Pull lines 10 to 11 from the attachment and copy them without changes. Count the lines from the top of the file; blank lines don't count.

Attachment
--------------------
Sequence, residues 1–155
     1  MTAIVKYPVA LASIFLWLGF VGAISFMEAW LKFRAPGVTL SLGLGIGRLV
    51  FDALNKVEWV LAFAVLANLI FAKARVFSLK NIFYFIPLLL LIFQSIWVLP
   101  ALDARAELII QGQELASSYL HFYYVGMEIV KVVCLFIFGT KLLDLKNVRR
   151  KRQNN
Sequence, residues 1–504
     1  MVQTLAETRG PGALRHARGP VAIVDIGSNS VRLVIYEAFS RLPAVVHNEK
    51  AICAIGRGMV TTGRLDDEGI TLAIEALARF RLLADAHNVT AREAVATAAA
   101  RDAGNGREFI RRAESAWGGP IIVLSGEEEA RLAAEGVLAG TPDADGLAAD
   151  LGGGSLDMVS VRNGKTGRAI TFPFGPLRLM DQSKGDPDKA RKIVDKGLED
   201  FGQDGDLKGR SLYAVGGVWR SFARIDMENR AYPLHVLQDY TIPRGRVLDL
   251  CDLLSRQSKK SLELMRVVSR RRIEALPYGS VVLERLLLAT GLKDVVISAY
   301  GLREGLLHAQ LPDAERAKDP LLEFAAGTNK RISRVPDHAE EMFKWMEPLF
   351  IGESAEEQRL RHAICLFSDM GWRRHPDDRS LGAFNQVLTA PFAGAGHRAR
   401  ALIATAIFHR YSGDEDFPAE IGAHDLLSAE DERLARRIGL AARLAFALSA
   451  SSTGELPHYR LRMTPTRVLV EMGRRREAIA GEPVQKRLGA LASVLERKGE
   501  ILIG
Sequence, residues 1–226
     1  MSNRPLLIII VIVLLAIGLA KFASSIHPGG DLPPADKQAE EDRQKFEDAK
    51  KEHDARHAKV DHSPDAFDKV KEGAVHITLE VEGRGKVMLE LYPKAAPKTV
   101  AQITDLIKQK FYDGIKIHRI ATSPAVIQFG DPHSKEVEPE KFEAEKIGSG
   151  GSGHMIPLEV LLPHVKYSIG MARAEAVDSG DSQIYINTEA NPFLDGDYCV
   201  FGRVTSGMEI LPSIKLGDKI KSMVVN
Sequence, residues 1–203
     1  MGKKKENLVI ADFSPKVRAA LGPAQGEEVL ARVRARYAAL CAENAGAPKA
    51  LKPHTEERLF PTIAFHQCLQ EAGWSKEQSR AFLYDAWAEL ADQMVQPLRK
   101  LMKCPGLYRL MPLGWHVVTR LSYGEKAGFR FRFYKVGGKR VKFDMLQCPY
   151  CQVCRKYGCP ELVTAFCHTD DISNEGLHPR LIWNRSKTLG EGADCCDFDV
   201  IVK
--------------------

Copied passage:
   151  LGGGSLDMVS VRNGKTGRAI TFPFGPLRLM DQSKGDPDKA RKIVDKGLED
   201  FGQDGDLKGR SLYAVGGVWR SFARIDMENR AYPLHVLQDY TIPRGRVLDL